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UT Austin’s course review: Linear Algebra – Foundations to Frontiers

An excellent introductory course in linear algebra with both theory and practice that will benefit college students, math hobbyists and practitioners.

Dr. Robert van de Geijn, course instructor

The Linear Algebra – Foundations to Frontiers (LAFF) course by The University of Texas at Austin is an excellent introductory course in linear algebra that focuses on both theory and practice – viz investigating how to translate theory into algorithms.

Linear algebra is an important math tool that has found application in a wide range of areas from research to image compression to finance. Naturally, many MOOCs are offered on this topic.

What is special about LAFF

Typically, most introductory linear algebra courses focus on theory. And generally, the theory is ‘practiced’ on small matrices using hand calculations. Even if software is used for solving problems, matrices remain small (I don’t know if this is true even in advanced courses).

However, matrices in most real life applications are humongous in size (as compared to matrices dealt with in textbooks or MOOCs). Huge matrices have the bad habit of consuming vast amounts of computational power. Therefore, learning techniques to do operations on huge matrices is of great practical value.

To the best of my knowledge, after auditing 3 MOOCs, LAFF is the only course that gives a hands-on experience of operating on matrices using the latest algorithms (the Frontier part of the title). A super plus is that the instructor, Dr. Robert van de Geijn, himself is at the forefront of research in designing these algorithms.

Applications of linear algebra

My suggestions for each target audience

  • For lifelong learners and math hobbyists: 

This course is an excellent start to get introduced to Linear Algebra. You can skip the computational aspects of the course without any impact on understanding of the subsequent sections. The topics are explained very well – many a time the whys and the hows are explained using common sense reasoning

  • For college students:

This is an introductory course and if you are looking for the MOOC to complement your college course, this may not sufficiently cover your syllabus. For example ‘Determinants’ is a regular in most college courses, but is not covered much in this course. As the course page explains, this is because “Determinants are something they hammer on in linear algebra courses because it is traditionally covered.  …. But the details of how to compute the determinant of a matrix larger than a 3×3 is not”.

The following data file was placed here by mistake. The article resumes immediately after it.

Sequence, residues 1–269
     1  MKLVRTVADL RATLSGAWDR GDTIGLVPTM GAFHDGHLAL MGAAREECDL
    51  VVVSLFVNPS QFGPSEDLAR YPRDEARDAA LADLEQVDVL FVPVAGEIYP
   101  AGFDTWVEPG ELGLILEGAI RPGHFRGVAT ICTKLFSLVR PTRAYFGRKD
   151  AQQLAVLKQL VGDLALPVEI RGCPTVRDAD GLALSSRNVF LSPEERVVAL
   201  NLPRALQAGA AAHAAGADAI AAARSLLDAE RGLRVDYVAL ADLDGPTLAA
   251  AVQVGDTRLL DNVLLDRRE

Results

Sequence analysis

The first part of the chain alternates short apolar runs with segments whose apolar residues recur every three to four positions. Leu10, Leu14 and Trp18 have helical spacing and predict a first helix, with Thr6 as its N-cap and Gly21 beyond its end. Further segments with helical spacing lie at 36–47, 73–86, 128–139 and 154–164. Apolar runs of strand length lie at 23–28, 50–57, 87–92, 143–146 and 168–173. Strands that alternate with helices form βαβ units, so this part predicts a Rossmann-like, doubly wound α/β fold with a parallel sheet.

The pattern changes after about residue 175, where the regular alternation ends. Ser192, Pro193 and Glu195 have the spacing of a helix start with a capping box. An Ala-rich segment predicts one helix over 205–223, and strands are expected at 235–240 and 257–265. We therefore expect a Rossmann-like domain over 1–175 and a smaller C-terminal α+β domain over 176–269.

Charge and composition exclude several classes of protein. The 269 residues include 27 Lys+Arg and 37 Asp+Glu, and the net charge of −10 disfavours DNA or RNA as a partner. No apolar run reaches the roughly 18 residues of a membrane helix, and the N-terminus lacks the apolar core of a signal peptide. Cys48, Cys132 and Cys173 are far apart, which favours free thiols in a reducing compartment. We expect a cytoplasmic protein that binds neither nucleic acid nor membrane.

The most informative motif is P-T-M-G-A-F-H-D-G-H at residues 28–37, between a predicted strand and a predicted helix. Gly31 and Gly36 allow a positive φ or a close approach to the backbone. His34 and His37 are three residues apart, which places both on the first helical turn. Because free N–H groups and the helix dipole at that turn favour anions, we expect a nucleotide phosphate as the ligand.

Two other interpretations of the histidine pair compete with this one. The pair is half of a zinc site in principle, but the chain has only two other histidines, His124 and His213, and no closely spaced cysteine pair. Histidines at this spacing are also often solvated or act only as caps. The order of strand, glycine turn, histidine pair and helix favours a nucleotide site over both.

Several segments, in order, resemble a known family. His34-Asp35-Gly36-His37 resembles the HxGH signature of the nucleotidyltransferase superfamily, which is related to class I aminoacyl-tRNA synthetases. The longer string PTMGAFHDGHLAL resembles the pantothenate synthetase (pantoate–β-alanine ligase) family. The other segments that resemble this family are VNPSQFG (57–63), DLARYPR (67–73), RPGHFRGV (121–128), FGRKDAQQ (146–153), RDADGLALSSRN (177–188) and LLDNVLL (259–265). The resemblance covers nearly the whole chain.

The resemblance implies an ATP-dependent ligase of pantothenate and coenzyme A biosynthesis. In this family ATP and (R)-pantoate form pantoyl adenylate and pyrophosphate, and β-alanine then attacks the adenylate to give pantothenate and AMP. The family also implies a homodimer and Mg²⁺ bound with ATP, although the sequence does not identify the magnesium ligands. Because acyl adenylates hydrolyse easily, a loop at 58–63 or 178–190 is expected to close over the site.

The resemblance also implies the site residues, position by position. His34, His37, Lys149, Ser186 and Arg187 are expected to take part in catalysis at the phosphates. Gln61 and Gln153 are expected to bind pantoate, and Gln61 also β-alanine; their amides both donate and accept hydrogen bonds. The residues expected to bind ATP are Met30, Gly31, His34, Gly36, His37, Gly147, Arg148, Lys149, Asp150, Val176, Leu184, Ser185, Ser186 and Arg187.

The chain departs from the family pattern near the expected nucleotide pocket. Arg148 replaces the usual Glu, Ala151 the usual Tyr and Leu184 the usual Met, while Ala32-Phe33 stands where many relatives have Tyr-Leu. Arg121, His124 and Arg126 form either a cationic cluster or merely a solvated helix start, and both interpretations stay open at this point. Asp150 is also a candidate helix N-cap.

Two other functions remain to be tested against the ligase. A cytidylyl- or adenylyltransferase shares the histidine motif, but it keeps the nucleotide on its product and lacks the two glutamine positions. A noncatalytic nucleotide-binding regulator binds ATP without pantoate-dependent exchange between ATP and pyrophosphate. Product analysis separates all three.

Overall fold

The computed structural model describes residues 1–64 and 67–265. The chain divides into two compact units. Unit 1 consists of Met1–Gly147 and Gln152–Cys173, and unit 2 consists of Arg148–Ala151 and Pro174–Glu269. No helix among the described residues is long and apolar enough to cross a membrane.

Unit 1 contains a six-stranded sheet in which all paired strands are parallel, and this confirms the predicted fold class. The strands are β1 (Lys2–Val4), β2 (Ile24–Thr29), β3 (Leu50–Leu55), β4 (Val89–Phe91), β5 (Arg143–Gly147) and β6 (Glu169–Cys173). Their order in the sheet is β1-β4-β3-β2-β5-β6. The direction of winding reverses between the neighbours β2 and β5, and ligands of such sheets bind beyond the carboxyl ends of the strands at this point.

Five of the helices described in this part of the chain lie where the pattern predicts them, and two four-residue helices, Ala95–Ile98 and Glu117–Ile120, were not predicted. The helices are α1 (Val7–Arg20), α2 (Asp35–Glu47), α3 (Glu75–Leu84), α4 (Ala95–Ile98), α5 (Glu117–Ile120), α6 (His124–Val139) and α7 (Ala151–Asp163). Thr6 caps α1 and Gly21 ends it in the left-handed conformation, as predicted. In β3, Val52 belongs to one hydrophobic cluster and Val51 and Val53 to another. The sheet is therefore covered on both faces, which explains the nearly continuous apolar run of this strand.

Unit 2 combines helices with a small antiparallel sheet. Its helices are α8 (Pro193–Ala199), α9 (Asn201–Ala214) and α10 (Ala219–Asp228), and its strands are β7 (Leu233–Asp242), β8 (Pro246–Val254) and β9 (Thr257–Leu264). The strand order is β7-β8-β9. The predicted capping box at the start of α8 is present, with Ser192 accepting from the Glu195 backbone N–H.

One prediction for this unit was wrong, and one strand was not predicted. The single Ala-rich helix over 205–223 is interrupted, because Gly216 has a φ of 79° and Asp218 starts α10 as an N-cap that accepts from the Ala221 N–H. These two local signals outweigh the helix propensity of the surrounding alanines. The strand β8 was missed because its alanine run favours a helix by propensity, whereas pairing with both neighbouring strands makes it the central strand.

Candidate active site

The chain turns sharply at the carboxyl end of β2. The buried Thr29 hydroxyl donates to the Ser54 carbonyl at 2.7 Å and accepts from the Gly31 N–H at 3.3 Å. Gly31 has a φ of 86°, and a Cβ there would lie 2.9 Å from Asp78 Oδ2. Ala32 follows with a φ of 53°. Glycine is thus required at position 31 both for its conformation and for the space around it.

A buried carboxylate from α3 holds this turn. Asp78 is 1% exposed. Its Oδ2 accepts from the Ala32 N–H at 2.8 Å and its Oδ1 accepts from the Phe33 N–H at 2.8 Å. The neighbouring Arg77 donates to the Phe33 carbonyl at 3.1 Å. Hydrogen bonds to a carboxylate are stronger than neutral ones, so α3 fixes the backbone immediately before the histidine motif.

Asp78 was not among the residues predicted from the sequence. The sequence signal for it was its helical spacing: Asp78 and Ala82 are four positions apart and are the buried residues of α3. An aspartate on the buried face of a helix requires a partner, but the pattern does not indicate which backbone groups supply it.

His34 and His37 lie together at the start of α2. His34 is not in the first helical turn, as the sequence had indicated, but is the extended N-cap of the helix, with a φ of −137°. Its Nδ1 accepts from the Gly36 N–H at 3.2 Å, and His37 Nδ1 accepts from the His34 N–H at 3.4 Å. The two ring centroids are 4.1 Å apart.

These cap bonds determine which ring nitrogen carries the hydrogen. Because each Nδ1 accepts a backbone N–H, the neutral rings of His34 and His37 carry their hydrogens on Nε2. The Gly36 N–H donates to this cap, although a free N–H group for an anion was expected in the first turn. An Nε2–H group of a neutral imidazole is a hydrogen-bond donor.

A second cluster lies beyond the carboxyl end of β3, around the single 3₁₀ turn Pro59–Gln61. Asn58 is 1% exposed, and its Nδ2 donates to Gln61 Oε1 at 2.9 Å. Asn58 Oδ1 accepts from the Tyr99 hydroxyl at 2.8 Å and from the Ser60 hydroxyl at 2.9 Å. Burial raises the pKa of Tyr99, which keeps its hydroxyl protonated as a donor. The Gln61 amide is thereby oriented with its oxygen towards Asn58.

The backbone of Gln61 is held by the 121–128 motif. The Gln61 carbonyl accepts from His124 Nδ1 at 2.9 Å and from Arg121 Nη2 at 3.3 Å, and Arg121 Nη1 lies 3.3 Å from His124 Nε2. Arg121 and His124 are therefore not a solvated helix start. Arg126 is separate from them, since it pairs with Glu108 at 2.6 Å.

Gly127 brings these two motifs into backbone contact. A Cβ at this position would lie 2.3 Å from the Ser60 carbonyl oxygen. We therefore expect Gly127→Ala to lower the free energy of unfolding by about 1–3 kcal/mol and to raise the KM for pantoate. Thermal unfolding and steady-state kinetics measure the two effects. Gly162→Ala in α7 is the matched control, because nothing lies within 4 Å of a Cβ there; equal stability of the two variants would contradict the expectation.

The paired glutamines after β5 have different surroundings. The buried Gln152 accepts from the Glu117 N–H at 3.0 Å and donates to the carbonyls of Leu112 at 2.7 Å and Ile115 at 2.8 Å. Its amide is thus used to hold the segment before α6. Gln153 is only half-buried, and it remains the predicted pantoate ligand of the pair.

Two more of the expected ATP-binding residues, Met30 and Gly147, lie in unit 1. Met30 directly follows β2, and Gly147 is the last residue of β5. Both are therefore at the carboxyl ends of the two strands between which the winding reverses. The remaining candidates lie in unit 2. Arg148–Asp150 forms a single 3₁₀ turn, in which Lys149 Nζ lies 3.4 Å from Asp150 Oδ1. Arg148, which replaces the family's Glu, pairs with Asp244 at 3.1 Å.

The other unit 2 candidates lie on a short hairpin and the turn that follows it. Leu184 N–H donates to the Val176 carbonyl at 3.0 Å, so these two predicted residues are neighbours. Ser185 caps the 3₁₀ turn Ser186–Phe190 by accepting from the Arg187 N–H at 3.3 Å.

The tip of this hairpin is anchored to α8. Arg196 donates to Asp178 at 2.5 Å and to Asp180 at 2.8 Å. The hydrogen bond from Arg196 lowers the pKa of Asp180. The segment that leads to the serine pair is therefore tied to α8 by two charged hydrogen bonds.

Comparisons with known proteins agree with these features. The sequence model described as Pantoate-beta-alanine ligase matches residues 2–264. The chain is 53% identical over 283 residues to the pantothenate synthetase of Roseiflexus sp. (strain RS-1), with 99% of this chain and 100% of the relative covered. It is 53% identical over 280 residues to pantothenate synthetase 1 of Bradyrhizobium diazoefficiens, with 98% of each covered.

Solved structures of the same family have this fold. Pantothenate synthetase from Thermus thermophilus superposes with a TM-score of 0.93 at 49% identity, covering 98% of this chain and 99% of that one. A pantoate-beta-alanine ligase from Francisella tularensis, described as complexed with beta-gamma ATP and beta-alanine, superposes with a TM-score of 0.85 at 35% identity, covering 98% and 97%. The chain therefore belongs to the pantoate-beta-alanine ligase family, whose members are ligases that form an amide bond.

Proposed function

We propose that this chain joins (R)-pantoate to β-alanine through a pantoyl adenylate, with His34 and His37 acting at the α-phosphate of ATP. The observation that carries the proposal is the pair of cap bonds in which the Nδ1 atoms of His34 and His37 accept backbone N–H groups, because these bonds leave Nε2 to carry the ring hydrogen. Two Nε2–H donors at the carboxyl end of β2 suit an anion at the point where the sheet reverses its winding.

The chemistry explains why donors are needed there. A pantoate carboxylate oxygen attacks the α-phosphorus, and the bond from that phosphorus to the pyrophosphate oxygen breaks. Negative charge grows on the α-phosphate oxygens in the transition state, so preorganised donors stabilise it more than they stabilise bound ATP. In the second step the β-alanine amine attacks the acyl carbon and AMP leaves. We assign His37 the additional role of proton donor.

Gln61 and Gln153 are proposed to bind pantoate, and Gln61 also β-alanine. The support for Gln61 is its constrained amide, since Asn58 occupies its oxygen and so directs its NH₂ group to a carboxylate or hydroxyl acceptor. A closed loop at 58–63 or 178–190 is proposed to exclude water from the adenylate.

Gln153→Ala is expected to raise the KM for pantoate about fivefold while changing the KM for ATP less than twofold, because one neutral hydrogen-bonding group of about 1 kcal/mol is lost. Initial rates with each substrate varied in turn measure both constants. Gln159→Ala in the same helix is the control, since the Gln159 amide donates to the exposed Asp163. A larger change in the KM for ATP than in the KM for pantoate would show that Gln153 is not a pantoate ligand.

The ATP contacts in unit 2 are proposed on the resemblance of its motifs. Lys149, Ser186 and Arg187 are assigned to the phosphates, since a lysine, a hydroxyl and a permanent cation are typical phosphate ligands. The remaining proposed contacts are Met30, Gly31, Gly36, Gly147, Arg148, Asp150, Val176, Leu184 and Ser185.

My recommendation is to start with this course (the concepts are explained very well) and then take another MOOC. You may want to explore ALAFF – the advanced version of LAFF. This is on my to do list. I’ll edit this review after I do that course. I’ve liked the RICE university Linear Algebra, Part 1 course and can recommend it. My only grouse against that course is part 2 seems to be a permanent work in progress, though I’ve been told it is finally seeing the light of the day in summer this year (2022).

  • For practitioners:

While the theory may be too basic for you, the course introduces the learner to the latest algorithms in this area. Even though the course covers just enough to whet the appetite, links are provided to pages that have more research papers and other resources.

The Course – what you get

  • 12 weeks of instruction: each week took me about 3 hours on average to complete.
  • Assignments: I loved them. They are at the appropriate level of difficulty: some quite easy while others make you think really hard, and most importantly, make you think about the concepts as opposed to an automatic application of formulae.
  • Course Notes: A text version of the course is provided in pdf. I like this idea and found it useful. It is easy to quickly refer to past topics without moving from the current video or searching for them while looking through the entire set of past videos. After referring to the particular topic in the document, you now want to see the video again? No sweat! Links to videos are also provided in the document. To me, this is a testimony to the care taken by the course creators to ensure a very productive learning environment.
  • Access to Matlab is provided during the course duration.
  • The discussion board was not very active, but the posts always got a prompt response from the staff.
  • And the best part – no step motherly treatment of the ‘audit learners’. Audit learners have the same access to assignments and course material as ‘verified’ learners. And there is no end date for access to expiry.


I thoroughly enjoyed doing this course and highly recommend it to math enthusiasts, ambitious high school students, and undergraduates. Beginner practitioners might enjoy it too.

If you like the style of teaching, the LAFF ‘stable’ has 3 other courses to explore. I’ve signed up for ALAFF – the advanced version of this course and looking forward to finishing it soon.

Venu Profile Image


Lifelong learner. Math, Humanities, Arts, Programing and many other subjects.

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